Farm Plan Lets Everyone Win
If you look up the definition of “win-win” in the dictionary, someday there should be an entry about Moore County’s exciting new proposal for a Farm to Institution initiative.
This concept looks about as imaginative as they get. It is designed as a logical outgrowth of the highly successful Sandhills Farm to Table program, but taking it to a dramatically higher level, to the great benefit of both farmers and customers.
Instead of routing locally grown fruits and veggies to households, as Farm to Table has for three years now, this program would deliver them to a number of major local institutions, which now get them from more conventional wholesale sources. These new high-volume customers include FirstHealth of the Carolinas, Pinehurst Resort, Moore County Schools, Sandhills Community College, Penick Village and St. Joseph of the Pines.
Much of the credit for this visionary venture goes to Pat Corso, who put together an agribusiness committee in September 2011, shortly after he took over as executive director of Moore County Partners in Progress.
Builds on ‘Farm to Table’
This is a logical extension of Sandhills Farm to Table, but with much greater potential for participating farmers in Moore, Richmond and Lee counties. When they sell directly to consumers, they stand to make about 70 cents on the dollar, compared with 17 at the grocery store.
There are major upsides for the institutional customers too, as there already are for the individual clients. Two major ones are freshness and quality. Supply lines are so much shorter and more efficient that you can have carrots and corn and cucumbers that were picked in the morning and delivered to customers in the afternoon.
A total of $75,000 has been raised — including $15,000 donated by the Moore County Board of Commissioners — to launch a feasibility study. But rather than waiting for the results of that, the agriculture committee launched by Corso is also doing a pilot project, so that it doesn’t lose this growing season while the bigger study is being conducted.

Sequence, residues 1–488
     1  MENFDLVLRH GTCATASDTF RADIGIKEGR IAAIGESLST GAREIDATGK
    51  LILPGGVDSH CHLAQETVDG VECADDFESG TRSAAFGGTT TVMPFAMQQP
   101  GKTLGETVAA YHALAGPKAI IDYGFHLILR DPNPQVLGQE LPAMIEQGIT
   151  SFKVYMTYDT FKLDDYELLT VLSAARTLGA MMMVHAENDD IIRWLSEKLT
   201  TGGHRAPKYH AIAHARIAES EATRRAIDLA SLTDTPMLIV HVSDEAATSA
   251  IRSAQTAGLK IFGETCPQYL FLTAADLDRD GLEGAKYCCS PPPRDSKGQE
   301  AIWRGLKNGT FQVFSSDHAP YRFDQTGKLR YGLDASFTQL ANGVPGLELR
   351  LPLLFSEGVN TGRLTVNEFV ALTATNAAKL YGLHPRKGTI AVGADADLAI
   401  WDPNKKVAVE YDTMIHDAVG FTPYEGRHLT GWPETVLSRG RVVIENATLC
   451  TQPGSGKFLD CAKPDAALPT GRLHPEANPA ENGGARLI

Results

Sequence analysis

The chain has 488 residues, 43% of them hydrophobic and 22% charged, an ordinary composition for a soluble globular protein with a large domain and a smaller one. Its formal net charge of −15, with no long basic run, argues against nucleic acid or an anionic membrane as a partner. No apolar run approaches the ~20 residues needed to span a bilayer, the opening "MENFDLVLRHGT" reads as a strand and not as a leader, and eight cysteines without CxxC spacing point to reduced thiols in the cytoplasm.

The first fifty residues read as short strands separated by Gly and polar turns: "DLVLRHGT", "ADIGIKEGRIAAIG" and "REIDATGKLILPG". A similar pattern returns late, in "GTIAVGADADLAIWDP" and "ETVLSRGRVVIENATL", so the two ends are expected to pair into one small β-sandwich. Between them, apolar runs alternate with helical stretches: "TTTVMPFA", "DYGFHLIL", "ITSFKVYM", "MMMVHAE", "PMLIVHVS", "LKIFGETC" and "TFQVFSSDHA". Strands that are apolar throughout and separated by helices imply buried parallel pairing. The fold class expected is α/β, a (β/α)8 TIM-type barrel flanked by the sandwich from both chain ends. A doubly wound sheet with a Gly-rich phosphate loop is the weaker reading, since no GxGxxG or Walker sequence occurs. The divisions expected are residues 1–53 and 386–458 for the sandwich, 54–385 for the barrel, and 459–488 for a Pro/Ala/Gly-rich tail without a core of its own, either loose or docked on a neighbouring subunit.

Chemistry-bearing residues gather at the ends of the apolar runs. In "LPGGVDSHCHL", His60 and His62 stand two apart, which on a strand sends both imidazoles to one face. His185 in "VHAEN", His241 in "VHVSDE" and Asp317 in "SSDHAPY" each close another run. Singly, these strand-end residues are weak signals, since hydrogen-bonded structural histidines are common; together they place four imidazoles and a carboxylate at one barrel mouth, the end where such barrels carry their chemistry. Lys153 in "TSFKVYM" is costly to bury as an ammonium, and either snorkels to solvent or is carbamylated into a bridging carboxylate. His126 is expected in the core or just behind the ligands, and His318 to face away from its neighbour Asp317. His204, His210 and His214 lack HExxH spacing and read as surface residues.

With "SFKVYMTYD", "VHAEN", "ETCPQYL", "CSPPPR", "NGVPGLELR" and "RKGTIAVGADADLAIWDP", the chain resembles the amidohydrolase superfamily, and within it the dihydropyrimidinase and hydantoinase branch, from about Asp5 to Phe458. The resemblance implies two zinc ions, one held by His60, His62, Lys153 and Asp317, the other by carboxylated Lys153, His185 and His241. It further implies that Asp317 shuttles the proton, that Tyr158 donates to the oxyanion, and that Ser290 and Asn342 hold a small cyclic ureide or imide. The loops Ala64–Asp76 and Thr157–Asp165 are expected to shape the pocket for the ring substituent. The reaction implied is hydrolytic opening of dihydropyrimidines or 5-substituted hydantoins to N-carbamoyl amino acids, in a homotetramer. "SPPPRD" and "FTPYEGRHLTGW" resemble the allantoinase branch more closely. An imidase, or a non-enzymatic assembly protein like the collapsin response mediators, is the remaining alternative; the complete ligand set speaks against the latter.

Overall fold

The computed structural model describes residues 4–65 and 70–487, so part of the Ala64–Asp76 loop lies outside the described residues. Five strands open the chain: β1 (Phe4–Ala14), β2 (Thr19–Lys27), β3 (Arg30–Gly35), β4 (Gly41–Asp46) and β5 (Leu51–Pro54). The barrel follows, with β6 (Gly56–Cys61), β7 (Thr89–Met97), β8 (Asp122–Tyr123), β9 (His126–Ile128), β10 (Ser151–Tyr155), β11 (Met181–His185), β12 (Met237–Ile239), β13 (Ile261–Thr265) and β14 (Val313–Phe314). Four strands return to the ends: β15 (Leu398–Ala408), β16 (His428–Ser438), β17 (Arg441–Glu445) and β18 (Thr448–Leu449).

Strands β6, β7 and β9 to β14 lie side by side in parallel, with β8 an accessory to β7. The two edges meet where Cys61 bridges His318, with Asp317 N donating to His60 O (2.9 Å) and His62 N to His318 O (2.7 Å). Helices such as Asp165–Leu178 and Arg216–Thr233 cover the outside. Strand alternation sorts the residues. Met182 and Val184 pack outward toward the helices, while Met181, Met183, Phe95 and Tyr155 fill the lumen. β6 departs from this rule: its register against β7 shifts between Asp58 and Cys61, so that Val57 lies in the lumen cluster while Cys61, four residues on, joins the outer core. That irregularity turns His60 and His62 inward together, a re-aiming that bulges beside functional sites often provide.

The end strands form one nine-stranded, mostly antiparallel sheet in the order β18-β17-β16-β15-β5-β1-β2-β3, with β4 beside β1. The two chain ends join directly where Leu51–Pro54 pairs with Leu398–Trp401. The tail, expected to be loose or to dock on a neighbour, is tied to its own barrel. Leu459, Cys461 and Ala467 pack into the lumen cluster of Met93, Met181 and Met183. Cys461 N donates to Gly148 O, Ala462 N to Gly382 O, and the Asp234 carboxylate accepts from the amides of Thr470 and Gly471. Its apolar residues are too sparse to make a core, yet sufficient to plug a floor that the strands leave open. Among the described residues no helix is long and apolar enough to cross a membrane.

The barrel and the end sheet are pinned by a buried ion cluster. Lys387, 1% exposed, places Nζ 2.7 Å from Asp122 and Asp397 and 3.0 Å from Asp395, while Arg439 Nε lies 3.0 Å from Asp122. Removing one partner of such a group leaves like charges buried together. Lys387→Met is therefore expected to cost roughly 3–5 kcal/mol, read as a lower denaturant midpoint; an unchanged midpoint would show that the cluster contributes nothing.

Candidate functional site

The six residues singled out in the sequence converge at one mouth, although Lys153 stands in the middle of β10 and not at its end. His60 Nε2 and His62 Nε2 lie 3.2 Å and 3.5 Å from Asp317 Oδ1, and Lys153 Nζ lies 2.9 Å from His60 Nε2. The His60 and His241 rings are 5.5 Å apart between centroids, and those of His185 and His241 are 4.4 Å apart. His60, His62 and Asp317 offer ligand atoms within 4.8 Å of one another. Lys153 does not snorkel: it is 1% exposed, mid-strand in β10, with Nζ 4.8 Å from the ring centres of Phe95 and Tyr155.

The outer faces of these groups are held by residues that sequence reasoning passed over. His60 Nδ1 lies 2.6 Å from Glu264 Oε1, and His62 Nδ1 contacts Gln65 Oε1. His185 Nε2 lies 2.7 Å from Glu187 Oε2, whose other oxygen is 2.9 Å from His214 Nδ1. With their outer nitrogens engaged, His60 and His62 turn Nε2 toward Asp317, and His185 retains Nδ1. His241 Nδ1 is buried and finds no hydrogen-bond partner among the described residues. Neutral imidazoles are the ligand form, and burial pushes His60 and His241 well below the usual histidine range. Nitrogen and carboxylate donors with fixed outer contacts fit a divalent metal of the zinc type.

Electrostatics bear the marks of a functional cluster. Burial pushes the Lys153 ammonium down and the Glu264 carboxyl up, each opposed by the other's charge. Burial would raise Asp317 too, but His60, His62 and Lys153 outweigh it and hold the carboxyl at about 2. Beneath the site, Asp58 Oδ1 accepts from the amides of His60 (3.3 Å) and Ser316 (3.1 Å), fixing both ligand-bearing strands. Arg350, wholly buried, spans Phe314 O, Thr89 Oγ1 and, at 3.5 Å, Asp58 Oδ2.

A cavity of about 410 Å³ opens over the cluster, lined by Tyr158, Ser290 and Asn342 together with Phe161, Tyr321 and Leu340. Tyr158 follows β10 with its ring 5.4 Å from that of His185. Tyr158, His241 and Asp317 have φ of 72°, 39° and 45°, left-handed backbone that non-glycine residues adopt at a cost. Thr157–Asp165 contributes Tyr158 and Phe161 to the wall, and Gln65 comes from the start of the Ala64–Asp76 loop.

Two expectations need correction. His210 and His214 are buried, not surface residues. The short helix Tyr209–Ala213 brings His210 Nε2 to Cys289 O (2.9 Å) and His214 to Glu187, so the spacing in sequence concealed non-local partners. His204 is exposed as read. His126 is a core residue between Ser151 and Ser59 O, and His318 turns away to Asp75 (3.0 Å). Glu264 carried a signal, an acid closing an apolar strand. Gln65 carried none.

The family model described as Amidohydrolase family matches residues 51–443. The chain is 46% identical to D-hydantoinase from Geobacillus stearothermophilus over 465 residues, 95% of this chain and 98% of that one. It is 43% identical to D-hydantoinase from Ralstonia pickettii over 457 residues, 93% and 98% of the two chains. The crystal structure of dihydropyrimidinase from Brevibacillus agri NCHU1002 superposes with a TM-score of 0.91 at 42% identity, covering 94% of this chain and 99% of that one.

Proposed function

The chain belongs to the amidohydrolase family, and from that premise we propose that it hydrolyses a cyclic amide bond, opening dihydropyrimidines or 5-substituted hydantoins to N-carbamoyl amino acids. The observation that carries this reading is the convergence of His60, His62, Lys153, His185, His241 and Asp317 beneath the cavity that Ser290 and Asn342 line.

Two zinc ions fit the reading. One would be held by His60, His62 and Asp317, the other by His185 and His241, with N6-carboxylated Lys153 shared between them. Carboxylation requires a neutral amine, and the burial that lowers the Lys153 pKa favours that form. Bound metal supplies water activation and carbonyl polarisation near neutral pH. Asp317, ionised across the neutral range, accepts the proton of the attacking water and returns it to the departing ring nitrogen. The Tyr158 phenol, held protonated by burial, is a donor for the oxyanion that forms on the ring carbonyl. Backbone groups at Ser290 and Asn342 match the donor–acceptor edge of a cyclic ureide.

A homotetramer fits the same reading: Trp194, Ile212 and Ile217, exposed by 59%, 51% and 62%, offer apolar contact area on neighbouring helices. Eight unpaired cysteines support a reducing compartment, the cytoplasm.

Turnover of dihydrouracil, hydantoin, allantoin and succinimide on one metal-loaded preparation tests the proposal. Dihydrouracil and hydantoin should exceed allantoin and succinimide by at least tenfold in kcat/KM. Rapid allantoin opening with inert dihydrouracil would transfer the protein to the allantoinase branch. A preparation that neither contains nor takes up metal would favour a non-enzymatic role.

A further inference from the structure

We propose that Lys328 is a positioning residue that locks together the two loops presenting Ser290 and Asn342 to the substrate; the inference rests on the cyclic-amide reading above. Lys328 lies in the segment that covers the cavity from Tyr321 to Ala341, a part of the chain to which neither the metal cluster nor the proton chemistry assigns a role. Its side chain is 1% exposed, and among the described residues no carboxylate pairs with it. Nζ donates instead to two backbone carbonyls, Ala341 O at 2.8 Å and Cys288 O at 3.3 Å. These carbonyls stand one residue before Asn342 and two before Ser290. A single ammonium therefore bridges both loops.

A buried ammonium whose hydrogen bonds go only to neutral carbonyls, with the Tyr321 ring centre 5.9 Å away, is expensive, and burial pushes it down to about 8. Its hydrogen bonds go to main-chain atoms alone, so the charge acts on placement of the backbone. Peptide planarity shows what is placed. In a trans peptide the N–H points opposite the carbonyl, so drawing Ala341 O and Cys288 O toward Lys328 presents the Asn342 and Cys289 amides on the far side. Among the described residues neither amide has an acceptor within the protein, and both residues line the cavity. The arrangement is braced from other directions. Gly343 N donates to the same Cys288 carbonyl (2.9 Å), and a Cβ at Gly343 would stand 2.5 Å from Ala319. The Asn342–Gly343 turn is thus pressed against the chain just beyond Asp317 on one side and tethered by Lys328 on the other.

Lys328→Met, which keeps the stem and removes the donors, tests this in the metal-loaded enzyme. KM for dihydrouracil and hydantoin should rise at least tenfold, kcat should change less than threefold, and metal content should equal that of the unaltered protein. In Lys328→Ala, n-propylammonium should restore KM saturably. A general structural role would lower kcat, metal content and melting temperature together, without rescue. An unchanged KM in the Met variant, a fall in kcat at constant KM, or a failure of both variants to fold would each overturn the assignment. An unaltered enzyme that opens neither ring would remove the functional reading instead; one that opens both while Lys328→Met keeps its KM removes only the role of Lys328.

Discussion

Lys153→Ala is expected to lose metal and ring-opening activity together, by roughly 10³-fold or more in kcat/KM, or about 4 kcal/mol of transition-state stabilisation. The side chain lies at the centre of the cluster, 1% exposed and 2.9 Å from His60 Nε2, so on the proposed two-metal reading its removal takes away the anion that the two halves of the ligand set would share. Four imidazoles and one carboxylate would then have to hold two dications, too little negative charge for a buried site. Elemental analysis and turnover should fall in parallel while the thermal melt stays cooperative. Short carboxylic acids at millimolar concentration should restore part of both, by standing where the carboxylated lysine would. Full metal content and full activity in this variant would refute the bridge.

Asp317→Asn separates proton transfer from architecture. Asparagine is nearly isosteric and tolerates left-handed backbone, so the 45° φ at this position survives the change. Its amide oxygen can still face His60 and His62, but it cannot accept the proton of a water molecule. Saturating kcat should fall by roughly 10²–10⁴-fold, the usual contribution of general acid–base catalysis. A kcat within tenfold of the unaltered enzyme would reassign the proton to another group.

The pilot project and study should dovetail nicely, ensuring that the final feasibility report will be much more than speculation and providing a solid foundation for the ultimate recommendations.
Many Questions Remain
Launching the new program on the scale envisioned could cost up to $1 million, with much of the expense going for a building. That facility could end up being more than a mere warehouse, since a certain amount of processing may be required to satisfy the big customers. The school system, for example, prefers its carrots sliced instead of whole. And there could be some flash-freezing involved.
Although an existing building may be identified for possible conversion to this new use, a newly constructed one seems more likely. The Whispering Pines site out of which Sandhills Farm to Table currently works is said to be inadequate even for that more limited operation, which last year served 1,600 customers. One possibility is a bigger complex that could serve both systems, with the obvious synergies that could involve.
We haven’t even mentioned the benefits to area farmers, many of whom have been forced to look for alternative crops and marketing possibilities with the drop in tobacco production. This could be a real godsend for them.
So, yes, we’re talking win-win here.
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